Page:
Beyond GOFRS

When you hear our new name, Science for the Church, what do you think we are about?

Science for the Church just held its first event, co-sponsored with Upper House in Madison, Wisconsin. Greg and I were joined by about 50 pastors, scientists, and lay leaders and a stellar team of presenters including Darrel Falk, Nydiaris Hernandez-Santos, Lea Schweitz, and Jim Kirk. We introduced those in attendance to our vision for strengthening the church through engagement with science. We stressed the importance of relationships, especially between scientists and church leaders.

We also tried to expand participants’ horizons for what constitutes faith and science. Science for the Church covers vast terrain both in the domain of science and in the work and ministry of the church.

GOFRS

Yes, we held the event in Badger country but I want to talk about GOFRS (like Wisconsin’s rival to the north, it is pronounced gophers). I learned this acronym from a former colleague at the John Templeton Foundation. We used it to describe the type of topics most people associate with religion and science. It stands for Good Old Fashioned Religion and Science.

By this, we mean those topics in history, philosophy, and theology that look at the existing relationship between religion and science, seeking points of commonality as well as differences. It includes some myth-busting on the historical side; the setting of boundaries philosophically on the scope and limits of each domain; and theological frameworks for relating the two.

GOFRS also includes some of the most common topics that people understand to have bearing on both science and faith—origins (of the universe, life, and humankind), human uniqueness, and divine action. It includes trying to understand larger patterns in the natural world that might help us break ground on some of the great either/or dilemmas: is nature free or determined? Which is dominant, chance or purpose? What about nature and nurture? And with all the suffering in the natural world, how can we think about a good Creator?

All of this content is good and fascinating. It is what got me interested in faith and science in the first place. These are issues the church needs to wrestle with. In fact, I believe one way we can strengthen the church is by helping our members work through topics like these and having the wider culture see us doing so thoughtfully. Which is to say, honest engagement with difficult questions can be good for us individually and is a valuable public witness.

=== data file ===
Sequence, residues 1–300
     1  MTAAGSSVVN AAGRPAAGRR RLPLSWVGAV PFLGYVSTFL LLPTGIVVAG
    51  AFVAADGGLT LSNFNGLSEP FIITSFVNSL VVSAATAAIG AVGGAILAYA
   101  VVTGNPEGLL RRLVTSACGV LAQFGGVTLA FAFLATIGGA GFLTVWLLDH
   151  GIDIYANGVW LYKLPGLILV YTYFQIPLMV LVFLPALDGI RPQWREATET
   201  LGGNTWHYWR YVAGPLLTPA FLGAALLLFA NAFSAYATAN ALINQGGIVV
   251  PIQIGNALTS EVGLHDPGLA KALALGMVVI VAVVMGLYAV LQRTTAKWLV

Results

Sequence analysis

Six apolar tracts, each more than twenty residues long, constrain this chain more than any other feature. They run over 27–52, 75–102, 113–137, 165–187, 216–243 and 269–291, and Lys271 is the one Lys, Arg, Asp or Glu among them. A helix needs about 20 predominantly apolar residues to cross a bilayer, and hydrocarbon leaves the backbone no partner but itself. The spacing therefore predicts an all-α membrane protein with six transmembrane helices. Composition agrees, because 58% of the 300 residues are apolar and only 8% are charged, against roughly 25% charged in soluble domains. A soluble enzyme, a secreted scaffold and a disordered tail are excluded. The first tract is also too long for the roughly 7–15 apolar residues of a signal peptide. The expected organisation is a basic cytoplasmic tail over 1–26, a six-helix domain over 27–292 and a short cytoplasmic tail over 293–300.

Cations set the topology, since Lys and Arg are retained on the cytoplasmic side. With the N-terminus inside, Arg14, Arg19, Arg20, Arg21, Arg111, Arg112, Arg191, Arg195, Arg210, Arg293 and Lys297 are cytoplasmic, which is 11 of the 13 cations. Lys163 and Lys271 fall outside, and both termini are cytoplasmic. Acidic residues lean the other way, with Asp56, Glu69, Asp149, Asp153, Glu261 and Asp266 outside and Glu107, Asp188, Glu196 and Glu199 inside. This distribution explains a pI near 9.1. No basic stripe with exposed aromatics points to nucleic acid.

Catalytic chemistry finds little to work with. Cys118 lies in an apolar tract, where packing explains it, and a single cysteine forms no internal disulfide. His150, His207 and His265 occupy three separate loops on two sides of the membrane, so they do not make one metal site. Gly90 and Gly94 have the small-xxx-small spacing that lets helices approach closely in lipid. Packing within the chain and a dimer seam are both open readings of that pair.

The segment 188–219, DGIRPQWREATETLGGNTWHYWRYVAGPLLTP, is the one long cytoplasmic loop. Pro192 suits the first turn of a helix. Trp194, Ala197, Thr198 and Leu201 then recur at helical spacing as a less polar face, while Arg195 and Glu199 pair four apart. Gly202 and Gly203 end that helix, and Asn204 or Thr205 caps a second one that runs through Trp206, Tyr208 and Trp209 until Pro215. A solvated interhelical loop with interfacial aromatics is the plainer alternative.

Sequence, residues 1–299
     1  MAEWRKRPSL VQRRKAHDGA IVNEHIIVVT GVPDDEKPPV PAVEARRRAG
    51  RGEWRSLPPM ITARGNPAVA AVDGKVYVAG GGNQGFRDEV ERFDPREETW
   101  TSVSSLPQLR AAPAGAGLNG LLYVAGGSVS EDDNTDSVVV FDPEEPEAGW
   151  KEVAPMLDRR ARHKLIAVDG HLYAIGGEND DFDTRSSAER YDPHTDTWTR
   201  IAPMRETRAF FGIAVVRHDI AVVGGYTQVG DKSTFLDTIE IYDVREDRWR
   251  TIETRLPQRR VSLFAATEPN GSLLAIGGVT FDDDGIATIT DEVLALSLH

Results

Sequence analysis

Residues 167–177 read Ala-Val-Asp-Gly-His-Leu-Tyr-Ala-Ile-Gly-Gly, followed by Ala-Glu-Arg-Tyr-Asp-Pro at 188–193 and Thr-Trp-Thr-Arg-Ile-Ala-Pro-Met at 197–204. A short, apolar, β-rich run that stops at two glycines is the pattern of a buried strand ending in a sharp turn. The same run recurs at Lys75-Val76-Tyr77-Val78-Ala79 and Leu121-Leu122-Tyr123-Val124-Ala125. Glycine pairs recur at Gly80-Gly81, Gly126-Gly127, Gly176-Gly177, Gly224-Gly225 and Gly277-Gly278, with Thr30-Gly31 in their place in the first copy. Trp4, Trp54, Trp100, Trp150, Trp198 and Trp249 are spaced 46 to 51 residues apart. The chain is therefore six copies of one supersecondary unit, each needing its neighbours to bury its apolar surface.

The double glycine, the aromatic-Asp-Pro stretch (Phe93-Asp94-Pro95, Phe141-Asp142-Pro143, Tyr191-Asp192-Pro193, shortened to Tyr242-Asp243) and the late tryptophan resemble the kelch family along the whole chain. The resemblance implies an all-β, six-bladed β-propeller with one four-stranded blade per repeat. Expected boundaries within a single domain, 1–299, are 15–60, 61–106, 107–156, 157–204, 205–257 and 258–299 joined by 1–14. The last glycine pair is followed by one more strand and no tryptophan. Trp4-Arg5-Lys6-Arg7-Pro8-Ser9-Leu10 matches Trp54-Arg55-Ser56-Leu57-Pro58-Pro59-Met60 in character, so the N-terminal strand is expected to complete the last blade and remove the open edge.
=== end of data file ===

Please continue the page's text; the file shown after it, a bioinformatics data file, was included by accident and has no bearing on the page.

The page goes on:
But GOFRS is not all there is to do in faith and science.



First Church

At our inaugural event, we told the story of First Church. They received one of the original Scientists in Congregations grants and tackled the perception of conflict between religion and science. This was a new topic to First Church—they had few scientists in their midst—but they felt the pressure of external voices telling them there was a conflict and they wanted to address it themselves.

First Church partnered with a local seminary and over two years worked through GOFRS. Those theologians helped them work through most of those perceived areas of conflict resulting in a congregation with an adequate Biblical and theological framework to integrate their faith with science. It was a great success—a church strengthened by engaging science.

Five years later, we returned to First Church to evaluate the lasting results of the grant. We learned that when the grant ended, the church ceased formal engagement with science. Without the conflict, the felt need was gone and they moved on to other issues.

This was a lost opportunity. First Church had overcome many of the greatest hurdles to productive faith and science work, but had not taken the extra step of making room for continued science engagement. Continued engagement would have not only have benefited the congregation but would also have equipped them to become a beacon in their urban community.

You see, GOFRS is all too often framed around conflict and fear rather than the building up of Christian disciples. It is often just material for debate, a foil to faith that it is regularly referenced both by atheists and by the religious ‘nones’ who use science to justify leaving the church. To restrict the conversation to GOFRS misses the enormous potential for expanding our horizons.

What do expanded horizons look like? Here are just a few examples:

  • A youth ministry team consults with sociologists and psychologists who help them understand the developmental stages and contemporary behaviors of the youth they serve.
  • A mission committee leverages scientists and engineers to improve their efforts to provide fresh food, or clean water, or shelter to the communities they serve.
  • A pastor regularly uses science analogies and illustrations to illuminate Scripture in her sermons. Another uses it to help his congregation understand human nature. In both instances, Scripture and theology come alive in new ways, especially for those trained in the sciences.
  • A discipleship committee seeks to cultivate Christian traits like love, hope, gratitude and forgiveness. They leverage work in psychology that studies these virtues and is identifying best practices for cultivating them.
  • A congregational care ministry looks at research on spirituality and health, and medical science more generally, to determine how best to care for their aging congregation.

The ministries who most benefited from Scientists in Congregations when we evaluated them five years later were doing things like the examples above. They still did some GOFRS, but they also leveraged science to inform and improve the practice of ministry.

You may not have this in mind when you hear our name, Science for the Church, but it is part of who we are. We must engage GOFRS but science can also help us do ministry and do it more effectively. That is if we expand beyond GOFRS.

Cheers,

Drew